The world's longest aircraft, dubbed the Airlander 10, had broken in two at a Cardington airfield in Bedfordshire, United Kingdom. One person was injured and the incident is being investigated, according to reports.

The Airlander 10, appeared to "break in two," an eyewitness told the BBC Saturday.  Hybrid Air Vehicles Ltd, who owns the aircraft, stated that automatic safety mechanism that breaks open the hull and deflates the Airlander initiated when it broke free of its mooring.

"It was tied down slightly further away from the hangers than normal, then almost like a big gust of wind, it split. Made a hell of a noise," an eyewitness told The Sun.

Hybrid Air Vehicles released a statement regarding the incident.

"The aircraft is now deflated and secure on the edge of the airfield. The fuel and helium inside the Airlander have been made safe", the statement read. "We are testing a brand new type of aircraft and incidents of this nature can occur during this phase of development.

The aircraft was not in flight, nor was it scheduled to fly during the incident, Hybrid Air Vehicles said. Two ground crew members suffered minors injuries. A female employee sustained minor injuries and was taken to the hospital as a "precaution" and later released. The company said it started an investigation into why the safety mechanism went off.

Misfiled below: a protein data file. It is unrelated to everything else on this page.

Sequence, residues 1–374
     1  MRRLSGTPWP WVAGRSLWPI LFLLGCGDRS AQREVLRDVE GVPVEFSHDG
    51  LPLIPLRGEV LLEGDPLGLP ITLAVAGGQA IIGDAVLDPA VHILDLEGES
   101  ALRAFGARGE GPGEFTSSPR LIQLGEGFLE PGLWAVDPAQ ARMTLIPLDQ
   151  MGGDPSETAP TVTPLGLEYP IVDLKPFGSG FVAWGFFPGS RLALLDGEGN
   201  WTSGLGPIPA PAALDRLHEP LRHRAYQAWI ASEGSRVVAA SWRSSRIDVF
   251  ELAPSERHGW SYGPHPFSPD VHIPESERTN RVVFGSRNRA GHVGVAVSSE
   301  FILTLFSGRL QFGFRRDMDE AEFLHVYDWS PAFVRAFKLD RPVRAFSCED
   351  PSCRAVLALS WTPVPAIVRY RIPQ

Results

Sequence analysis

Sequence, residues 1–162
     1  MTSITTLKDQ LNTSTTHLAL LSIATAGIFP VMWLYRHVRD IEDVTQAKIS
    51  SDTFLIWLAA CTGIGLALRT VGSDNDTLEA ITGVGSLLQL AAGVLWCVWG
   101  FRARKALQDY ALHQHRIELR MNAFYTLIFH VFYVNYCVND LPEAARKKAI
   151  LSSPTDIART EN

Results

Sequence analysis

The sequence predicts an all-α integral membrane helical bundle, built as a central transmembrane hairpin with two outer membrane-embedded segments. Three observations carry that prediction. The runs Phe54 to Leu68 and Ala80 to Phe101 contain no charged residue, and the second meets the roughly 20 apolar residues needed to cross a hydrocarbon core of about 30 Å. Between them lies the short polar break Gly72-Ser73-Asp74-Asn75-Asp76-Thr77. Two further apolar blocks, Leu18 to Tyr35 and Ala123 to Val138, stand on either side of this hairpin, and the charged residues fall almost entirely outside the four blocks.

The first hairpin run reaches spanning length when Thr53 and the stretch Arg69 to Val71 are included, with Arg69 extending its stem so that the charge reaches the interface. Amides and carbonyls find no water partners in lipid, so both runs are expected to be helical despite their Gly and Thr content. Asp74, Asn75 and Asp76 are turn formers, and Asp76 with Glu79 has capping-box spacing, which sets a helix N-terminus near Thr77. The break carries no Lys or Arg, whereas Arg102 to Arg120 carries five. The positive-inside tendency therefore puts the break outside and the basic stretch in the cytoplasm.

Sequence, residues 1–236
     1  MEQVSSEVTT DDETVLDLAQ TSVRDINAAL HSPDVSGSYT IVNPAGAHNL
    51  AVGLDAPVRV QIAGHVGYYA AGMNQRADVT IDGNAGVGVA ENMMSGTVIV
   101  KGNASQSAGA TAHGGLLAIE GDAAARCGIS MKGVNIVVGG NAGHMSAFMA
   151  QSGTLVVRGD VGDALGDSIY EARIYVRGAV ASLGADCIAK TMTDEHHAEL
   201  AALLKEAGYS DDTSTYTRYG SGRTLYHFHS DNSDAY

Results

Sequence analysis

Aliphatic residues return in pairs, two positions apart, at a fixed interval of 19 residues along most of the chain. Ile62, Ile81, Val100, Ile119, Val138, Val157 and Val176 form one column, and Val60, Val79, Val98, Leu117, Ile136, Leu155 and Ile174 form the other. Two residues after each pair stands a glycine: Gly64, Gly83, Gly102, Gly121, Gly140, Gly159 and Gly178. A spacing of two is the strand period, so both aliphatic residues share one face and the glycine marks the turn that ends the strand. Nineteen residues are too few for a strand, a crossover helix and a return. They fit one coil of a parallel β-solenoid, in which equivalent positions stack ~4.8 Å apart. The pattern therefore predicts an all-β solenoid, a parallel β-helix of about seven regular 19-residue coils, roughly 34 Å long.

"We will assess the cause of the incident and the extent of repairs needed to the aircraft in the next few weeks," the statement said. 

The Airlander 10, nicknamed the "Flying Bum" was initially developed in the United States for surveillance purposes. The half-plane, half-airship, is the length of a football field and can travel up to speeds of 92 mph. Besides surveillance, Hybrid Air Vehicles said the aircraft can be used for communications and delivering aid.

The aircraft first crashed in August 2016 when its mooring became entangled in nearby power cables, which caused damage to its front deck.